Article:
For most people, it seems like a terrible idea to reside close to an active volcanic mountain that could erupt at any time. This opinion is especially true for those people who have never been close to a volcano and whose knowledge of volcanoes revolves around the devastating effects they see from the news. However, there are benefits that come with living close to a volcano.
The heat and gases from the volcanoes are enough to provide a steady supply of clean geothermal energy for powering electric devices and operations. Aside from that, the energy is used by the locals to make life a little bit more comfortable such as providing heated water as well as household heating should the need arise. In case there is no steam to provide energy, it is possible to manually create a source of steam. This process involves drilling two holes close to each other and pouring cold water in one. The steam is then collected in the next hole and harnessed appropriately. Countries such as Iceland and New Zealand make extremely good use of this energy with almost two-thirds of Iceland’s energy needs being met by geothermal power sources.
Every good farmer is aware of the richness of the soil close to a volcano. The minerals are not availed to the soil immediately after an eruption. The process of availing these rich minerals into the soil takes thousands of years until the soil lava integrates. When this disintegration happens, some of the most fertile soils on earth are created. Good examples of these soils include the fertile soils of the African Rift Valley, around Italy’s Vesuvius (the rich Naples region), around the slopes of Uganda’s Mount Elgon, and many more. The disintegration of the solid lava rocks can take up to 10,000 years.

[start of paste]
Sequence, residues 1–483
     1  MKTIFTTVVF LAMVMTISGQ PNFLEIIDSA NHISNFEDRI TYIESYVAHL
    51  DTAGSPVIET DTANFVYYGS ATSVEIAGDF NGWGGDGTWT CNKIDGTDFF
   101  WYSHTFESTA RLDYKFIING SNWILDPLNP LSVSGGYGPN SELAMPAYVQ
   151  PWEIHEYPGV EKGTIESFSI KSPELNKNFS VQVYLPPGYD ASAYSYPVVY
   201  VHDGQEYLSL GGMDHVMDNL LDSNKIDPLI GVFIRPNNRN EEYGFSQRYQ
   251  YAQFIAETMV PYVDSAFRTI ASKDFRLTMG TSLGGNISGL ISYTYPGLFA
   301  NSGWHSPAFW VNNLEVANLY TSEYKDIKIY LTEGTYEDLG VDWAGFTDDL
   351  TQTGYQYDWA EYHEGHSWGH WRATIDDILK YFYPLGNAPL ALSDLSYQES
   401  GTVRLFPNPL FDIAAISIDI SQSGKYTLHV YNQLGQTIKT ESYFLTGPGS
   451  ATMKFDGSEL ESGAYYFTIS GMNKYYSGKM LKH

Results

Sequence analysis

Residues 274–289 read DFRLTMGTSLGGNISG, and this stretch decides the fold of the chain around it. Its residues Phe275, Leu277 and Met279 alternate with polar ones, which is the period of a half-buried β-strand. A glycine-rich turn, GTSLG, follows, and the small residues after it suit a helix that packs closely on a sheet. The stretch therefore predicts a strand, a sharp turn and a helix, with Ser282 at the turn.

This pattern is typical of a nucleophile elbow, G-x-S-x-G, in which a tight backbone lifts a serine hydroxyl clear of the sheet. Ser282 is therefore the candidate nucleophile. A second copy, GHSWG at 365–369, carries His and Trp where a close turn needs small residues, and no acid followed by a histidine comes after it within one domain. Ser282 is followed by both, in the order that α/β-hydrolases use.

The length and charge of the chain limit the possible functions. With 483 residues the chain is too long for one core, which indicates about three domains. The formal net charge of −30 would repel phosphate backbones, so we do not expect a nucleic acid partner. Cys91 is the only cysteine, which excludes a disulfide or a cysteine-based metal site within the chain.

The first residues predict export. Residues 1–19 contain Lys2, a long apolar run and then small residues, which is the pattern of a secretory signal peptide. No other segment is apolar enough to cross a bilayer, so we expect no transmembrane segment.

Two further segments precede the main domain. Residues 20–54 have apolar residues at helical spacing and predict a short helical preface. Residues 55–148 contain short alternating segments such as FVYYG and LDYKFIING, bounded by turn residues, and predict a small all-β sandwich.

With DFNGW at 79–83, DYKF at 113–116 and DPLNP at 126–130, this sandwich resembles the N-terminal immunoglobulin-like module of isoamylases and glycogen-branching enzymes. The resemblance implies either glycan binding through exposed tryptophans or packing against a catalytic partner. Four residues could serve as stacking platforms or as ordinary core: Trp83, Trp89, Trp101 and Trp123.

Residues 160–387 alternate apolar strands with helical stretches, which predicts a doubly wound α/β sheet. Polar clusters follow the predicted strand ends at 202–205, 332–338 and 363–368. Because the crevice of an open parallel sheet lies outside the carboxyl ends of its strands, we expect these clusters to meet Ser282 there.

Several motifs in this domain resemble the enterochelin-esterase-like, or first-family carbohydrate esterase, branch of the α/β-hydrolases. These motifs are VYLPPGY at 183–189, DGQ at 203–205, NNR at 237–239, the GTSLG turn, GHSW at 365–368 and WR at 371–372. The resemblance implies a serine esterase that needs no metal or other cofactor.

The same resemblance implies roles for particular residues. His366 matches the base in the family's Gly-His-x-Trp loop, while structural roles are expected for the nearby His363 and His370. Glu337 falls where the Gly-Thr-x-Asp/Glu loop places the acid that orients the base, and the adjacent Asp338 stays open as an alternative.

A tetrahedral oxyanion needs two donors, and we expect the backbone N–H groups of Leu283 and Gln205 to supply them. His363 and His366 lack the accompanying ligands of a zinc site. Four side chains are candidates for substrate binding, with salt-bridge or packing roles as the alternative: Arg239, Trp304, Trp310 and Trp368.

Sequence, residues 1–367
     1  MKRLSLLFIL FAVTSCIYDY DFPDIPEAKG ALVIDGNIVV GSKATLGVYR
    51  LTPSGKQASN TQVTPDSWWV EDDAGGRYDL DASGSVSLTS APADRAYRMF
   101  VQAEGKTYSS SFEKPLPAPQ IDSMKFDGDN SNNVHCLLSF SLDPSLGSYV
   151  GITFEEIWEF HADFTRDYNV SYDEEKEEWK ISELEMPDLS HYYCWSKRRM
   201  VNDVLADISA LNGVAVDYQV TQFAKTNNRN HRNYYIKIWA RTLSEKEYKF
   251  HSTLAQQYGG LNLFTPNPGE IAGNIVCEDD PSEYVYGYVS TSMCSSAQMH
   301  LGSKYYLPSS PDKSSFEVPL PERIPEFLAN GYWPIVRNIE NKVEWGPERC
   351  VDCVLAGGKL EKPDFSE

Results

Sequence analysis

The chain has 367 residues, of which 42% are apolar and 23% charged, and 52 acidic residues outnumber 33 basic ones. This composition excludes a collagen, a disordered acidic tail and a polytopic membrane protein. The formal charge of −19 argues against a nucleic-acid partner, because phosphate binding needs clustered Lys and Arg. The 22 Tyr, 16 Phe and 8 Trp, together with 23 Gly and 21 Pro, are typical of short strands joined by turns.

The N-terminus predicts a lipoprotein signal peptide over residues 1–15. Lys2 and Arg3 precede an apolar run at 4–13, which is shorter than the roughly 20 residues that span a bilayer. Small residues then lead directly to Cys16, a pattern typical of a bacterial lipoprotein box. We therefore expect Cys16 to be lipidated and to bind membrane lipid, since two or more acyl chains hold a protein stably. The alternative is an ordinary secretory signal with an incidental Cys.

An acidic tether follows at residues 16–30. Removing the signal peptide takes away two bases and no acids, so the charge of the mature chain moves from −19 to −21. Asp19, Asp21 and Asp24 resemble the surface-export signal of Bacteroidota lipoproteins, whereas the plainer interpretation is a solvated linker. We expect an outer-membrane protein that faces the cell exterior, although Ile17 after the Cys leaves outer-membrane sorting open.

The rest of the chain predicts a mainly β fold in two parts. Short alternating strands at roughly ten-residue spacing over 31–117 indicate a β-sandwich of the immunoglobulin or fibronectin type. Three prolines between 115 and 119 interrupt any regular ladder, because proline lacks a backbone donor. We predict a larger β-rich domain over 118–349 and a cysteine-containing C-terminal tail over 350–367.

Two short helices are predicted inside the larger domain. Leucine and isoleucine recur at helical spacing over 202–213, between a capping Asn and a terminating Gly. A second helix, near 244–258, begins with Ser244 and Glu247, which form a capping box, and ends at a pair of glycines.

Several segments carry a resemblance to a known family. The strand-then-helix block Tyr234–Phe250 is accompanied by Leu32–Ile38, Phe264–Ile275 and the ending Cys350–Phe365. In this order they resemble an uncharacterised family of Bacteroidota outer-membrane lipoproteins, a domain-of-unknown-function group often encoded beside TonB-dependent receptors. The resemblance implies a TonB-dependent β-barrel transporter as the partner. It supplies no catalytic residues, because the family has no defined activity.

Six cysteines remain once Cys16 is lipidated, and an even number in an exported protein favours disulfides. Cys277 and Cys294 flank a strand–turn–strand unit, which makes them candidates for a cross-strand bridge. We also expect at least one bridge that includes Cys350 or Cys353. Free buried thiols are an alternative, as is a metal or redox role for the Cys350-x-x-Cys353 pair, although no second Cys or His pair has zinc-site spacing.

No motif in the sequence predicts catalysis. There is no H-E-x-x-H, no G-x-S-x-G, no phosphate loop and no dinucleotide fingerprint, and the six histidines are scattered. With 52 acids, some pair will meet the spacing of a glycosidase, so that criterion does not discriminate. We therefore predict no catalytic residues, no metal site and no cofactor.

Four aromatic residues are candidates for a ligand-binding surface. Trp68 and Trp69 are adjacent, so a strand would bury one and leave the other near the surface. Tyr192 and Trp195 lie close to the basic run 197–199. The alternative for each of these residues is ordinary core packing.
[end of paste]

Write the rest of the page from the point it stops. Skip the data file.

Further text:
Volcanoes are tourist magnets. While some people avoid these sites, there are millions who are enticed by the idea of watching a volcano erupt or a volcano that has just erupted. Consequently, regions that have active volcanoes have an increase in employment opportunities due to tourism that prompt people to keep living close to the volcanoes. Other features that form close to volcanoes that attract people include geysers, hot springs, bathing lakes, and many more. For example, thousands are attracted to the unique landforms of Iceland where tourists get the chance to interact with ice glaciers and volcanoes side by side.
The hot magma is usually accompanied by a vast range of minerals, some of them being precious. These minerals precipitate out during the cooling process or over time as the weight of solid magma creates pressure that may form minerals after several years. Examples of such minerals include gold and copper.
Culture and Finances
Some people, like the natives of Hawaii, attribute volcanoes to deities who have been worshipped by their ancestors. For such people, it is simply impossible for them to abandon their sacred ancestral lands. An example is a deity is Pele, a volcano goddess in Hawaii. For some, there is no financial wherewithal to move to safer places.